You are a hypocrite.

So am I. Now that I have your attention, let me soften the blow. (But just a little.)

By virtue of the fact that, as Christians, we are imperfect humans teaching our kids a perfect truth, our actions simply will never match our words. Our lives are, unfortunately, filled with hypocrisy.

There is a second definition used by some dictionaries which relates to intentional deception. For purposes of this discussion, we are talking about the first definition of hypocrisy – saying one thing and doing another, regardless of your (good) intentions.

We are all certainly at risk of becoming hypocrites on big things. Those are the things that get all the “air time” in sermons. But have you ever thought about all the mini-hypocrisies in our lives that undercut our ability to be the Christian role models we want to be?

Something I’m passionate about is that my kids are grateful for food and don’t waste it. I talk to them all the time about how some people don’t have food and how we need to thank God for the food we are blessed with by 1) saying prayers of thanks at meal time and 2) not wasting any. If there is a drop of milk left in a cup, Nathan and Kenna know to ask mommy to save it so we don’t waste any.

I bought a small watermelon a few weeks back. (I can’t believe I felt the need to point out it was small so this anecdote won’t make me look so bad. Guilty as charged.) I’m not sure why I bought it because I don’t particularly like watermelon and they are way too much work to cut up.

I put the watermelon in the bread drawer. For the first week, each time I opened the drawer I thought, “Oh! I better cut up that watermelon.” The next week it was more like, “Oh, there’s that watermelon.” And the third week it was more like, “Oh my gosh, that watermelon is still there. And rotting.” It was staring at me like an accusing oval symbol of hypocrisy. I finally threw it away while the kids were busy eating lunch. Or so I thought.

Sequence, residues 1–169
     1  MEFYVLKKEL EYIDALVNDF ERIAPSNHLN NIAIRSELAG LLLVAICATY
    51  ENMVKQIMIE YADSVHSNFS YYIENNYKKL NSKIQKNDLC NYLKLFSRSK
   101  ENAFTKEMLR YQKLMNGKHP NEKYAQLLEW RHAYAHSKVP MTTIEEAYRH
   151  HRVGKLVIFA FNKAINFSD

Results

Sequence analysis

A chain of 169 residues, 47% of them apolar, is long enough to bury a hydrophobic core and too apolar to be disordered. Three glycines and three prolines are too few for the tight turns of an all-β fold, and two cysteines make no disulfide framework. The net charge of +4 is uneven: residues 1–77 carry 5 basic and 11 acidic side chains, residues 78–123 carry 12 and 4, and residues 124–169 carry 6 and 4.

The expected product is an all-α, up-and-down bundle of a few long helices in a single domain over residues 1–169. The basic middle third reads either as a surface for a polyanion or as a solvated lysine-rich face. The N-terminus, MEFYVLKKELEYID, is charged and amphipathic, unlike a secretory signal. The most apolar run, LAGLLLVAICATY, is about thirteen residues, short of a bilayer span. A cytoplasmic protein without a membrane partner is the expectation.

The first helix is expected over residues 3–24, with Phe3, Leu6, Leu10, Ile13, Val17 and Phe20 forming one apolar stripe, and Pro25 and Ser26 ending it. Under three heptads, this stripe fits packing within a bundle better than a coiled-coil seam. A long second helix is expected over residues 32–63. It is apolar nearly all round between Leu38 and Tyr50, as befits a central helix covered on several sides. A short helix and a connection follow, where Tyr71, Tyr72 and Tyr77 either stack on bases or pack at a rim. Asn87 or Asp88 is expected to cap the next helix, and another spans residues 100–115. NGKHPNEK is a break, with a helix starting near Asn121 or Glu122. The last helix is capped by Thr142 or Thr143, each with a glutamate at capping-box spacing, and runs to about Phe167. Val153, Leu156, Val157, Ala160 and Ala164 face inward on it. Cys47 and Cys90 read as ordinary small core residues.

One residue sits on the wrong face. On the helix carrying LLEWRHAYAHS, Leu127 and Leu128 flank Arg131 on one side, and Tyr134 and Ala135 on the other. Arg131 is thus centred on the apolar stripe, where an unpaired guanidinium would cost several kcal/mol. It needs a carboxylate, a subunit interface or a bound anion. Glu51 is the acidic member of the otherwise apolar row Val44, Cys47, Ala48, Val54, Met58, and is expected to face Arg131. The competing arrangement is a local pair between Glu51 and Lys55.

Kenna: “Mommy, what did you throw away?”

Me: “Oh, just some stuff.”

Totally caught. Totally hypocritical. (But totally a SMALL watermelon. So just a little hypocrisy, right?)

We need to accept the reality of day to day hypocrisy and have a game plan. Next time you recognize you are in the midst of a watermelon hypocrisy, consider using it as a teachable moment. If I had sat down with Kenna after her question, explained what happened and why that wasn’t what God would want, it would have been an opportunity for her to witness humility, honesty and a prayer asking for forgiveness for being wasteful.

I’m not going to go around throwing out watermelons to make that teachable moment happen, but frankly I don’t have to. There are plenty more mini-hypocrisies waiting for me.

Today’s Thought:

Reflect on the last week. What mini-hypocrisies can you identify, and what teachable moments could you have made from them?

Today’s Action:

Be on the look out for mini-hypocrisies (they really do happen more than you think) and pick one to use as a teachable moment.

2 thoughts on “You are a hypocrite.”

  1. Jeannine Melville

    Love this example of honesty and hypocrisy. Although Gianna is only two, she understands so much and there are so many ways that I can use this lesson with her now and in the future. I will reflect on areas that I have been a hypocrite today. The first one that comes to mind is “don’t yell.” I raised my voice to her in frustration last week and apologized. I can turn this into a more meaningful lesson by incorporating God. Love the message Natasha.

  2. Natasha @ Christian Mom Thoughts

    Thanks so much for your comment, Jeannine. I’m thrilled that this was meaningful to you! “Don’t yell” was originally going to be my example for this post because…yes, there is another mini-hypocrisy I face. I’ve actually caught myself yelling, “we don’t yell in this home!” 🙂

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